Appellate Review III

Journal of Legal Metrics, No. 2, 2014

14 Pages Posted: 8 Feb 2015

See all articles by Tom Cummins

Tom Cummins

Independent

Adam Aft

George Mason University - School of Law, Alumni

Joshua Counts Cumby

George Mason University, Antonin Scalia Law School, Students/Alumni; The Green Bag, an independent scholarly law journal

Date Written: February 1, 2015

Abstract

With this brief essay, we offer updates to an improved metric of appellate review – one which measures circuit court performance by compiling data on the Court’s resolution of circuit splits. A “circuit split,”as articulated by Supreme Court Rule 10, exists when “a federal court of appeals has decided a case in conflict with the decision of another federal court of appeals.” Thus, rather than simply calculating how frequently the Court affirms the judgment below (what we term the “primary review” affirmance rate), we examine how frequently the Court approves of a court of appeals’ judgment on the particular issue that has caused the split. Our updated metric aims to address some of the pitfalls of gathering this type of data.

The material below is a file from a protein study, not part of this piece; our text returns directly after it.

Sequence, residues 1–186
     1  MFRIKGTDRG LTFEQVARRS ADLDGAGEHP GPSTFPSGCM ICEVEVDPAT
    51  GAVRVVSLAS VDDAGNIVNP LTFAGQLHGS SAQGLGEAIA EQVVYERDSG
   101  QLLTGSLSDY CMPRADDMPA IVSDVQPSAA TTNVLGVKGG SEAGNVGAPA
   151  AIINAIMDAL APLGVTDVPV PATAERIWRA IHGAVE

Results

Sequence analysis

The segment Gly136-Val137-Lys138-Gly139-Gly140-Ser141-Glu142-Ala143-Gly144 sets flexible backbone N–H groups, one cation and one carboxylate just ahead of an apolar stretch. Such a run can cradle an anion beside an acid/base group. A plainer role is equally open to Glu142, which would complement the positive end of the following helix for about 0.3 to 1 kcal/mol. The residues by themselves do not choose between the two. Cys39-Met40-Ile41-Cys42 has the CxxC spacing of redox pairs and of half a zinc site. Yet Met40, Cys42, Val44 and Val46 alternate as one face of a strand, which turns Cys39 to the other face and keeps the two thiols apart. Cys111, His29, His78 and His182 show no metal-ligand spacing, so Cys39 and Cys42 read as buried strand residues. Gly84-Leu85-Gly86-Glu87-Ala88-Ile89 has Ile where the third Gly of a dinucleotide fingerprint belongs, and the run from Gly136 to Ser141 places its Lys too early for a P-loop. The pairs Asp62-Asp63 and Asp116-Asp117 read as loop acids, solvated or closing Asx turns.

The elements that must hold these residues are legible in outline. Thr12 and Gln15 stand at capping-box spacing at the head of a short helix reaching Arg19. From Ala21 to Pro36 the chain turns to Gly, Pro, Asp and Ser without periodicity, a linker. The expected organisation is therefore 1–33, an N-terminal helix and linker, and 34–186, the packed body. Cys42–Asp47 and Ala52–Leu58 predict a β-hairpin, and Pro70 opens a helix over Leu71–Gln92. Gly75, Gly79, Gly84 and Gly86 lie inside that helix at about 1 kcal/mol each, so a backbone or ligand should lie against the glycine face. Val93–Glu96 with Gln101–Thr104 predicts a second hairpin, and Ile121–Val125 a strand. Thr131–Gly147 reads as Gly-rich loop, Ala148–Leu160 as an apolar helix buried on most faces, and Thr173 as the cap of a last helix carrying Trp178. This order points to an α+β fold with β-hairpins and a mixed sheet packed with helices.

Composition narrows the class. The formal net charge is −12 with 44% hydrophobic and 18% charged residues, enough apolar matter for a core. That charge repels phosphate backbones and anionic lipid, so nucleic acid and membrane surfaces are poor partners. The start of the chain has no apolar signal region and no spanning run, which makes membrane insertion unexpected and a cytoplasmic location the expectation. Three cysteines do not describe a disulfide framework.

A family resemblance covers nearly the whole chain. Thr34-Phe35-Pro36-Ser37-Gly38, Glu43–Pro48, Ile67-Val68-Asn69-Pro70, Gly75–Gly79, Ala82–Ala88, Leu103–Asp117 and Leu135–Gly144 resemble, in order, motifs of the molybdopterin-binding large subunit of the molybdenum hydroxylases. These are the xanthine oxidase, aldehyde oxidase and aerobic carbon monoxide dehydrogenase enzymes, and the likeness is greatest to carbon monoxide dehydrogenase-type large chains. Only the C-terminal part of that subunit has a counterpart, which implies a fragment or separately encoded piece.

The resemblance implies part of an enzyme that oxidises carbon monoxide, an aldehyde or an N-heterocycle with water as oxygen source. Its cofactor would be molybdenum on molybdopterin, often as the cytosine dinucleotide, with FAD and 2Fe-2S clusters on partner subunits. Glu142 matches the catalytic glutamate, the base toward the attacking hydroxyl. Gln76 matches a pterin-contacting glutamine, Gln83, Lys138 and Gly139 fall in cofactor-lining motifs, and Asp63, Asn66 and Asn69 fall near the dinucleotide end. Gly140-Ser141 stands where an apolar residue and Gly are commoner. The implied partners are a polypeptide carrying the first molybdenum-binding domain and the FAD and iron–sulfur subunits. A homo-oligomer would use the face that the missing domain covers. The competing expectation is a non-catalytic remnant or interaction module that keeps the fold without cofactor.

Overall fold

Keywords: SCOTUS, Supreme Court, data, statistics, appellate review, circuit splits, court data

Suggested Citation

Cummins, Tom and Aft, Adam and Cumby, Joshua Counts, Appellate Review III (February 1, 2015). Journal of Legal Metrics, No. 2, 2014. Available at SSRN: https://ssrn.com/abstract=2560563

Tom Cummins

Independent ( email )

No Address Available

Adam Aft (Contact Author)

George Mason University - School of Law, Alumni ( email )

3301 Fairfax Drive
Arlington, VA 22201
United States

Joshua Counts Cumby

George Mason University, Antonin Scalia Law School, Students/Alumni ( email )

3301 Fairfax Drive
Arlington, VA 22201
United States

The Green Bag, an independent scholarly law journal ( email )

United States

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